As a corollary of that fact we also know that Y-chromosomes, sometimes synonymized with Y-DNA, are only inherited by the male part of the human race. This means that Y-chromosome inheritance mechanism is only forward-branching, i.e. Y-DNA is passed from one generation to the next generation “nearly” unchanged. As I am not an expert in genetics I cannot state precisely, in quantitative terms, what this “nearly” is worth. Suppose this “nearly” is close to 100% for simplicity.
This diagram is basically a branching tree, showing the pathways of the Y-DNA from one generation to the future generations of males. The characteristic feature of this inheritance mechanism is that it is Fan-out only. Namely, there is no way that the Y-DNA can be obtained by merging different Y-DNAs because we have no Fan-in mechanism.
X-chromosomes are inherited by both males and females. But, as I understand, this happens in two different ways.
Each female takes a portion of X chromosomes from her father (let’s denote it as X1) and a portion of X chromosomes from her mother (denoted by X2), thereby producing its own set of chromosomes X2’ which is a function of X1 and X2. Similar inheritance is in the next generation where X2’’=f(X1’,X2’).
Each male, however, only inherits X chromosomes from his mother, as shown above, where X1’’=f(X2’).
At each generation, when the offspring produced has a female, there is a merge of X chromosomes from both parents. This means that the pool of X chromosomes as we go down the generations is constantly changed and renewed with new DNA from different incoming branches.
This mechanism is therefore both Fan-in and Fan-out. And this is not a tree but a directed acyclic graph.
What sort of conclusion can we draw from this analysis? Well, I draw many interesting (to me at least) conclusions associated with the dynamics of evolution of the genetic pool of males and females. One can clearly see that the dynamics of genesis of females is much higher than that of males. Basically, one half of a male’s genesis remains “nearly” (please note my earlier remark about “nearly”) unchanged, and only the other half is subject to mutation, whereas in females both halves are changed.
I can only guess that Y-chromosomes are probably affected by various factors such as geographical movements, difference in environment, deceases etc., but these mutations are nowhere near as powerful as the mergers in the X-pool.
In my next memo I will write about the relationship between the above mechanisms of evolution and PID (proportional-integrative-differential) control in dynamical systems, which will lead to some conjectures about the feedback control mechanisms in evolution of species.
I would be grateful if those whose knowledge of human genetics is credible enough could report to me of any errors in my interpretation of these mechanisms.
Newcastle’s Microsystems group (http://www.ncl.ac.uk/engineering/research/eee/microsystems/),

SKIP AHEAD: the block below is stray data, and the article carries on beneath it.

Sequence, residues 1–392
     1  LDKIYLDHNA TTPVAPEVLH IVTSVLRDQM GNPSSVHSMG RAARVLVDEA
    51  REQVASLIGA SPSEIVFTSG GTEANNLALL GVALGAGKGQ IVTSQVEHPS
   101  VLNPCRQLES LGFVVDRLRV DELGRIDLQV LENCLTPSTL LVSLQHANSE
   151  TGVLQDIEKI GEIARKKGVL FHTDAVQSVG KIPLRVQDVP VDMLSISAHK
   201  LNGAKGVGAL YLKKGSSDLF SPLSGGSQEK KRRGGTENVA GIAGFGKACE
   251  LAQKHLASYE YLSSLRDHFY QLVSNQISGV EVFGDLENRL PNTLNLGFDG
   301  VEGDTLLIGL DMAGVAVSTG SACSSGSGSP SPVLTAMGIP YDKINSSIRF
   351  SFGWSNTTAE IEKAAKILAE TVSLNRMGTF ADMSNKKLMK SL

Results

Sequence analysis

in collaboration with Newcastle’s Computing Science colleagues, as well as with the teams from Imperial College and Southampton Universities (under PRiME project – http://www.prime-project.org) , has published a visionary paper in IEEE Computer on how to analyse the interplay between performance, energy and reliability of computing systems with increasing number of processor cores.
And for some time it will be front page on the multimedia front page: https://www.computer.org/computer-magazine/category/multimedia/
A very interesting workshop was held in my Alma Mater (LETI – Electrotechnical Universrity) in Saint Petersburg, Russia on 4-8 July 2017.
The workshop contained lots of interesting presentations – largely from industry and largely on modelling and empirical measurements of the EM interference in microsystems and ICs. Basically, the problem of reuse and block replacement is huge due to the unpredictability of the EM effects between components on PCB and on chip.
Here are the presentations:
Milos Krstic (from IHP) and I gave a keynote talk, which consisted of two parts:
(1) Digital Systems Clocking with and without clock: a historical retrospective (emphasizing the role of researchers from LETI – mostly Victor Varshavsky’s group where I used to work in the 1980s)
(2) Main technical contribution: Reducing Switching Noise Effects by Advanced Clock Management: M. Krstic, X. Fan, M. Babic, E. Grass, T. Bjerregaard, A. Yakovlev
ARM is announcing a call for presentations in ARM Research Summit in September 2017.
Our research group will be again actively contributing this year … See my previous blogs about our involvement in the 2016 edition.
We gave a 3 hour tutorial at IEEE Int Conference on Electronics Circuits and Systems (ICECS’16) in Monaco on the 11th December 2016.
The handout can be downloaded from here:
We also organised a special session on Oscillator Based Computing:
where one of our papers was presented: